"Green Mountain Rolling Coins"
In 2006, Chi-Jen Liu created "Green Mountain Rolling Coins," a painting which reveals his expert knowledge on the feng shui practice of the "Flying Stars." This is the astrological calculation of the dominant energies of a particular annual cycle. He teaches that these annual patterns of positive and negative influences can be experienced as timely opportunities or unexpected obstacles in one's life journey. The calligraphy on both sides of the painting elaborate on these principles. He writes, "Open your fishing net when big fish pass by. Close your net when negative energies transpire. Intelligent ones catch good luck and thwart bad luck."
A large Chinese coin is the focus of this piece, but just as important are the mantra charms that surround it. Mantra charms are ancient Taoist symbols that are known to bear and transmit various vibratory qualities. These qualities cover a vast spectrum of human desires, such as happiness, love, wealth, fame, and health – to name but a few. Over a dozen mantra charms are embedded in "Green Mountain Rolling Coins." They are inscribed on the coin, and along the contours of the sun and moon in the upper corners. They specifically promote business growth, wealth, and harmonious relationships. At the bottom, Chi-Jen Liu illustrates a vignette from the I-Ching that announces the meeting of a master to guide you toward achievement. His calligraphy proclaims, “The rooster heralds your time has come to stake your flag of victory… The Taoist shaman guides your way to wealth... with mantra meditation, develop your subconscious power."
It is important to note that as a respected teacher, Chi-Jen Liu does not promote blind faith in mantra charms. He encourages dedicated meditation upon the charms, being mindful of their purpose, practicing mantra chants and mudras, and living a healthy and balanced life. Mantra charms are more than decorative talismans or lucky objects. Chi-Jen Liu – as well as many of his patrons – can testify to the tangible power behind these ancient symbols when they are properly applied.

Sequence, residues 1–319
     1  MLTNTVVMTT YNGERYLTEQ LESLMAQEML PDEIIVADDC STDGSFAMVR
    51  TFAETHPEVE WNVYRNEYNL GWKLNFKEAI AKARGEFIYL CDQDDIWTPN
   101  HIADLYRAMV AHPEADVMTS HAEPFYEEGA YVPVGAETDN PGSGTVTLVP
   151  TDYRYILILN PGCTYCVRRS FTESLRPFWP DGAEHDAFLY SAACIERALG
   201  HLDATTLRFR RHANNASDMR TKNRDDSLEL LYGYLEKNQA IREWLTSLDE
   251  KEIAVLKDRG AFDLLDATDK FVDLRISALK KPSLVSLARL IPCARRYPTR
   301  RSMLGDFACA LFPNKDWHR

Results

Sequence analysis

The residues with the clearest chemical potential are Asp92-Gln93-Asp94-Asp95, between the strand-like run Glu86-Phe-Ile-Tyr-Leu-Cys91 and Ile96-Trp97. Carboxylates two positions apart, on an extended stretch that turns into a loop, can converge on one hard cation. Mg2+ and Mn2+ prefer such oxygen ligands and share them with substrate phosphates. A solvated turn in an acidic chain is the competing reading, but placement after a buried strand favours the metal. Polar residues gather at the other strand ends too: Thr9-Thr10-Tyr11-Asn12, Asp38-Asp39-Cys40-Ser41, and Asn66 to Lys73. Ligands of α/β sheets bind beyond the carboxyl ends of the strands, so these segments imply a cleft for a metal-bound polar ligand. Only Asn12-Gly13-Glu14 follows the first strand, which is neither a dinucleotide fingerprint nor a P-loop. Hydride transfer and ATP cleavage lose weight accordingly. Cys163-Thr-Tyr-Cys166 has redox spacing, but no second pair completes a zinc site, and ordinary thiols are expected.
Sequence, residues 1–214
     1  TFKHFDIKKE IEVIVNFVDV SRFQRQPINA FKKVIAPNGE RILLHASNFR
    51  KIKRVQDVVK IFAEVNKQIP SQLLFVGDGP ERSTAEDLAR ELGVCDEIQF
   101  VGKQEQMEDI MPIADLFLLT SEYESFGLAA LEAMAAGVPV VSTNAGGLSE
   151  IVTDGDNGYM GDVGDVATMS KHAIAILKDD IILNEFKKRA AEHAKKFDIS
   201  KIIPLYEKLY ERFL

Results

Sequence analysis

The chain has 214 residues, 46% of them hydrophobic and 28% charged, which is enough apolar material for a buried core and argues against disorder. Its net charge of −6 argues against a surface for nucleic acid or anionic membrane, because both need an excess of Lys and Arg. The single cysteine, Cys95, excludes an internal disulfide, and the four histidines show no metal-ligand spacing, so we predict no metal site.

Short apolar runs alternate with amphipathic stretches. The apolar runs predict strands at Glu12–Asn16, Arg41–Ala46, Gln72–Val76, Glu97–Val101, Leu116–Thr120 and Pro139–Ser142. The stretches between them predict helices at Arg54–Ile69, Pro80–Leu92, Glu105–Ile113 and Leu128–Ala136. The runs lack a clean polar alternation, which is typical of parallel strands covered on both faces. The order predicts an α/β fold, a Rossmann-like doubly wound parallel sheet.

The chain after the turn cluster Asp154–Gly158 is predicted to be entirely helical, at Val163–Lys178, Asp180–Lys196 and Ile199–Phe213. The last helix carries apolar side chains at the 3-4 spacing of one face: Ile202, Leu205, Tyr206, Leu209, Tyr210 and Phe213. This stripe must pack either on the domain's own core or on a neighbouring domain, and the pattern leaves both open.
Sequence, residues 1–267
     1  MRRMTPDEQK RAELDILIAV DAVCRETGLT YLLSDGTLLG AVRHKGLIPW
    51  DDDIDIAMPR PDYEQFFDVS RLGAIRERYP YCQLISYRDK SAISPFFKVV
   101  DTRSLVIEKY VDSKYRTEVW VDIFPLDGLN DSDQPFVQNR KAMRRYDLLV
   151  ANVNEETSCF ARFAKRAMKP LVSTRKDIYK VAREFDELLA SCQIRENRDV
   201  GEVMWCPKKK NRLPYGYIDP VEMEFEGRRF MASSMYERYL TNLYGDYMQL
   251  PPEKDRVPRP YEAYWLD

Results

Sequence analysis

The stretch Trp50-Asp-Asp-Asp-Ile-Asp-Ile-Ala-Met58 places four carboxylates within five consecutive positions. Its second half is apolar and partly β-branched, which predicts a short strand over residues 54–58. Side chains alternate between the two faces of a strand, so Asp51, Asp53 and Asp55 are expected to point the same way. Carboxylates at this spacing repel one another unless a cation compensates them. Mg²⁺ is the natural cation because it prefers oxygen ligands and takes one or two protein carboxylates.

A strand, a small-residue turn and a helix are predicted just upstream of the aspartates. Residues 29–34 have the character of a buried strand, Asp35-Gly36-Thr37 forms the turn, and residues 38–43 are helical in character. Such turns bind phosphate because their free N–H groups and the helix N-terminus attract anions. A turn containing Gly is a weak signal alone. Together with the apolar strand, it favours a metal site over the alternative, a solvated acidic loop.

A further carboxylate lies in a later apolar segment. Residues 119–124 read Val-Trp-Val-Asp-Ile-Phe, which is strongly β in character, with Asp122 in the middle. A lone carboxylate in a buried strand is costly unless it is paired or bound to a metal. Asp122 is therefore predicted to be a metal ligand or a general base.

In the time of imperial China – more than 2,000 years ago – silver or gold ingots, called "yuanbao," were the accepted form of money. With the arrival of standardized currency, the coin became most common. The ancient Chinese coin was round with a squared hole in the middle. A cord could be threaded through the coin holes, allowing payment or gifting to be efficient and easily carried.
The coin is universally accepted as a symbol for wealth. In feng shui, ancient Chinese coins and ingots are strategically placed around the home or workplace because they are regarded as magnets of financial success and monetary reward. Chinese ingots and coins are displayed during Lunar New Year festivities to represent the arrival of good fortune in the year to come. Sculptures of ingot-bearing deities can be found inside temples as well as household altars. In honor of one's ancestors and to wish them a rich afterlife, gold or silver ingots made from folded paper are burned as offerings during Chinese festivals.
In response to the wishes of his clientele during his many decades of work as a feng shui master, Chi-Jen Liu created an extensive series of paintings that embody blessings for the attainment of fortune. The "Coin Series" is laden with ancient Chinese symbols of prosperity. Coins are arranged in Taoist astrological patterns, given center stage like a radiant sun, or pictured as a manifestation of beneficent powers. This ever-growing series currently includes paintings from the past 20 years.